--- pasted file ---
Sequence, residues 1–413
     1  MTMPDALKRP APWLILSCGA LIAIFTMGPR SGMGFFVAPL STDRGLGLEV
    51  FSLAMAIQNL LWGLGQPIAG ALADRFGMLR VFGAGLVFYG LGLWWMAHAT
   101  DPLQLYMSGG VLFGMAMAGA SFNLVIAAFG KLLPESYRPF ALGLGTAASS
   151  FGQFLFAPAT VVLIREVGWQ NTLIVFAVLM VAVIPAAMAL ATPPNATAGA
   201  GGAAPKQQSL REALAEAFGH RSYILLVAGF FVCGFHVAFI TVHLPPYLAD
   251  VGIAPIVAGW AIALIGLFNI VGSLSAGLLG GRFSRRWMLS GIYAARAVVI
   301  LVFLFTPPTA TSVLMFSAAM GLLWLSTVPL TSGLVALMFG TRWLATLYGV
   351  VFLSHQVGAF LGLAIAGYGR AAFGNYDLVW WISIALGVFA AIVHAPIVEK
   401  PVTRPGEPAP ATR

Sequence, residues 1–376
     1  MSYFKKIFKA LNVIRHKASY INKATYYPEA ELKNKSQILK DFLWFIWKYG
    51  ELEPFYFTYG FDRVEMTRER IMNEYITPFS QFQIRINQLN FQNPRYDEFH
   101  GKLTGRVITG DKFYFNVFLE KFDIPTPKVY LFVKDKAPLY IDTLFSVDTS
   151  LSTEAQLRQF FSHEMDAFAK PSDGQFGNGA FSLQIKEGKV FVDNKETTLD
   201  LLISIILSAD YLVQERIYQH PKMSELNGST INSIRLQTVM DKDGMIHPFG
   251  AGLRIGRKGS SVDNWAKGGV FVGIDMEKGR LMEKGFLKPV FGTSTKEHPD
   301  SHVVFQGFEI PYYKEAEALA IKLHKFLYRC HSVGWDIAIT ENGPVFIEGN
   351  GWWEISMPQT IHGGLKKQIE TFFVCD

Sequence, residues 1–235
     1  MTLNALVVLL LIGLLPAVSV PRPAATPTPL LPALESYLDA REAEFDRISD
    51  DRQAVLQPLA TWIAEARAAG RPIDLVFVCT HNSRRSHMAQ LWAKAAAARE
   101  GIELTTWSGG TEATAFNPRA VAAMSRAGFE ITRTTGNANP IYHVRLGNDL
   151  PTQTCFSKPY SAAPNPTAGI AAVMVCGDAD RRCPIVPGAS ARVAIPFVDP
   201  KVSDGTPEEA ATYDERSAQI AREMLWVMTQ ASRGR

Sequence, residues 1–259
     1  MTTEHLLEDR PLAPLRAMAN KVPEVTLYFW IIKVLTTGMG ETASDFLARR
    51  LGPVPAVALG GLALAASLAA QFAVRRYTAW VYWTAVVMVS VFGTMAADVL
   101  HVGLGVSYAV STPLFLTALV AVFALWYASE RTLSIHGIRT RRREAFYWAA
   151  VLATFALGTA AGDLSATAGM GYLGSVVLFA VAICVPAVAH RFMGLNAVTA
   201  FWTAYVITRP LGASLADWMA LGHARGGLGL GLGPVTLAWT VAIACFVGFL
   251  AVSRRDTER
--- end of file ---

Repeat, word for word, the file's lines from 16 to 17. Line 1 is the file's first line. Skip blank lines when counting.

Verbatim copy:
   201  LLISIILSAD YLVQERIYQH PKMSELNGST INSIRLQTVM DKDGMIHPFG
   251  AGLRIGRKGS SVDNWAKGGV FVGIDMEKGR LMEKGFLKPV FGTSTKEHPD